If you want to see what sorts of tools are involved in growing your own wheat (or oats or other grains) on a small scale, take a look at these 2 cute YouTube videos of Stephen Simpson (aka seedtray1) who does it all himself: from seeds to loaf.  I love this guy.

Allotment scale production of bread making wheat:

Here is a closer look at seedtray1's home-made thresher:

and the link to his small-scale thresher's design, kindly released under the creative commons 3.0 license.

2. 50% Whole Spelt, 50% ww flour

  • 500g ww flour
  • 500g whole spelt flour
  • 50g wheat germ
  • 600g water
  • 20g salt
  • 185g sourdough starter

No crumb shot of this speltish loaf, I gave one away and the other one went right into the freezer.

Results of the Oat Bread

 I quite liked this bread.  At first I thought it was sort of dry, or perhaps it was staling quickly.  But the loaf stayed tasty until it was finished, several days later.  The steel cut oats were pre-fermented a little, but they stayed a bit crunchy in the crumb, more as a texture than as a taste.

Notes to Myself
  • * In terms of nutrient density and satisfaction, is this daily life preferable to a day spent tracking some animal to kill it with a stick?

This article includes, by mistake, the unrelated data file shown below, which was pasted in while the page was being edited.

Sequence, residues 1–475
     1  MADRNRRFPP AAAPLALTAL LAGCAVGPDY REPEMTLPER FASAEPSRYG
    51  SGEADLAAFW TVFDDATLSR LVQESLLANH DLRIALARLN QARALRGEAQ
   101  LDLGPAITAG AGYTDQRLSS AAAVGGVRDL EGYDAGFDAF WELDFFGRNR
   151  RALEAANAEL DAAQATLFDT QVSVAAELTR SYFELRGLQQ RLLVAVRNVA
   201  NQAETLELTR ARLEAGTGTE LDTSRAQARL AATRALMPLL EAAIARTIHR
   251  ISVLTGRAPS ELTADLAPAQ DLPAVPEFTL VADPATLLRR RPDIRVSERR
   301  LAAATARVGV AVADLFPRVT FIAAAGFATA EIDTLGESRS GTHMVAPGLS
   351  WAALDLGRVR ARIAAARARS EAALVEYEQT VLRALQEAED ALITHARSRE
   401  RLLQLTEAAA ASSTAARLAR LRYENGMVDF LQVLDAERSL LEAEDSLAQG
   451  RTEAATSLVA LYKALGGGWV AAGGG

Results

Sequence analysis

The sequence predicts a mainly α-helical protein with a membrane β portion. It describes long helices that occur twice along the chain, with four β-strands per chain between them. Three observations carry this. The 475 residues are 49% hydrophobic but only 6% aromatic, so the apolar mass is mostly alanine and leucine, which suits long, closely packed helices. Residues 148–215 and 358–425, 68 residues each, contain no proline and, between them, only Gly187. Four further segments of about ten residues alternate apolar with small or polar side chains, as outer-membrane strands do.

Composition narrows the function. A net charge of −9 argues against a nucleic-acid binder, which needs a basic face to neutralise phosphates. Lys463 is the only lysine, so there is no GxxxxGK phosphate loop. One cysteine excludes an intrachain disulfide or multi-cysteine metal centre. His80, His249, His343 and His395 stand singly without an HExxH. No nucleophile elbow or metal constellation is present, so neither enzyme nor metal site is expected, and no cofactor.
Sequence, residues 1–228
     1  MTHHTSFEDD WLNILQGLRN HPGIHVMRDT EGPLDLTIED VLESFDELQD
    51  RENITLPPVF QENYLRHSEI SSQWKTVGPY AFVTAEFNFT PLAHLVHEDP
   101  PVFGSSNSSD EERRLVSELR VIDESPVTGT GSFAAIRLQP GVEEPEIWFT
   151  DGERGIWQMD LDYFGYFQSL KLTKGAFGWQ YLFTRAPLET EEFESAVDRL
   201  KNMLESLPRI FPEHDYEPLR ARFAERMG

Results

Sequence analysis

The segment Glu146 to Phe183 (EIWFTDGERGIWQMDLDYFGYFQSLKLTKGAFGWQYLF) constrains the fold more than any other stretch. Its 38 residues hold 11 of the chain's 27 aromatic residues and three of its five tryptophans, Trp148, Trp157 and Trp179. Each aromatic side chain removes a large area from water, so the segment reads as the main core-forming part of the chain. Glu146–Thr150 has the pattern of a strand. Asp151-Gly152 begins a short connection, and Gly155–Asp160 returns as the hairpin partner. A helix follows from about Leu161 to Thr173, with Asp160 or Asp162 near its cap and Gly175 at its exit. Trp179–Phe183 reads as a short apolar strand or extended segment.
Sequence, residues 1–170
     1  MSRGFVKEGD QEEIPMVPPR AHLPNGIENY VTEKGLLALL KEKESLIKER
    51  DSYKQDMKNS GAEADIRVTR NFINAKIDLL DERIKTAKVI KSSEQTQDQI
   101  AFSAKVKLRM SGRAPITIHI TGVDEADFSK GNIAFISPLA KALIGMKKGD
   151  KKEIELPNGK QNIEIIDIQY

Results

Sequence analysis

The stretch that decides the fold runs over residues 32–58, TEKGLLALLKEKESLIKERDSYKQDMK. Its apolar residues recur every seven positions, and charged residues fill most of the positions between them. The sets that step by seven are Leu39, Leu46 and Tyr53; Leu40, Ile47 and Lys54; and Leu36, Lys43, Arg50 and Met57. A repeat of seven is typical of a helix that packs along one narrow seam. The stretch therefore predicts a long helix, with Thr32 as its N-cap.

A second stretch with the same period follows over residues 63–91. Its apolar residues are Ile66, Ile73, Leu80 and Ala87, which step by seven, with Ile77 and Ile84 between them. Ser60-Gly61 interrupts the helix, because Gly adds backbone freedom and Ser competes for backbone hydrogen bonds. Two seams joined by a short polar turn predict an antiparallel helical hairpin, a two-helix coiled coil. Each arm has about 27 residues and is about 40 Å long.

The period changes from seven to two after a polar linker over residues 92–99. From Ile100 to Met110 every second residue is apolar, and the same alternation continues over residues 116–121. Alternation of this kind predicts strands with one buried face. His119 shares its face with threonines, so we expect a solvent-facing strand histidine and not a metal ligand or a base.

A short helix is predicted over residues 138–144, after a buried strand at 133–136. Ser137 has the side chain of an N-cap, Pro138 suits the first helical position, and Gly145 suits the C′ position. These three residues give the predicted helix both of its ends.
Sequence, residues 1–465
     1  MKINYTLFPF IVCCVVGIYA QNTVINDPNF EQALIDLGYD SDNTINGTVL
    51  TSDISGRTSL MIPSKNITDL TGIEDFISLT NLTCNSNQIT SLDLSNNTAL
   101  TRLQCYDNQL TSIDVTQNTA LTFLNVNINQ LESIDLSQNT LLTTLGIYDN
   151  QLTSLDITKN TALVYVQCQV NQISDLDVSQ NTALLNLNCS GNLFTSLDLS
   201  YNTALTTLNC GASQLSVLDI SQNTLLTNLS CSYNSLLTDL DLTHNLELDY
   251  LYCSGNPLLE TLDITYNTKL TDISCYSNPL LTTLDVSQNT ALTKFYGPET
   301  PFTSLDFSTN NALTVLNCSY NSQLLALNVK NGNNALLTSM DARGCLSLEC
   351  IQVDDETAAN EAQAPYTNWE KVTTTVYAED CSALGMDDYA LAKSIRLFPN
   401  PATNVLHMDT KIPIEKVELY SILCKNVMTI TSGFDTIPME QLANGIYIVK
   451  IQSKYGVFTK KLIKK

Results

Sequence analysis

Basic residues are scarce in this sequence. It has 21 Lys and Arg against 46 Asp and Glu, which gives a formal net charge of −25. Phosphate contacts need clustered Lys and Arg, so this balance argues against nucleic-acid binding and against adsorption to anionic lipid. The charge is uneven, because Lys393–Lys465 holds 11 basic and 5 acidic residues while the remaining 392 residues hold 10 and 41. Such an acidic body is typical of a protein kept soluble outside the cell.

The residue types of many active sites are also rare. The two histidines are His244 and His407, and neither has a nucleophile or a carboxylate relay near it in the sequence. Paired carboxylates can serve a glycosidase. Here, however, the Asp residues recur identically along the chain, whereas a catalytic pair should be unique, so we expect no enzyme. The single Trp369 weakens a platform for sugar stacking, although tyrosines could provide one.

• * Anyone who has used a stone mortar and pestle to grind wheat into flour knows what I'm talking about, when I mention calories expended vs calories gained. Even if you have a crank hand-grinder to mill your wheat (better than a mortar and pestle), you are going to appreciate an electric mill.  And roller mills took off because they were better in some ways (quicker, more efficient, etc.) than stone mills.  Not all steps forward are good for us, though, and we now know that roller mills destroyed some nutrients, not all of which are replaced through mandatory enrichment of the resultant flour.  Ultimately, we are going to become dependent on whatever tool we use to obtain our food, and that is a form of enslavement.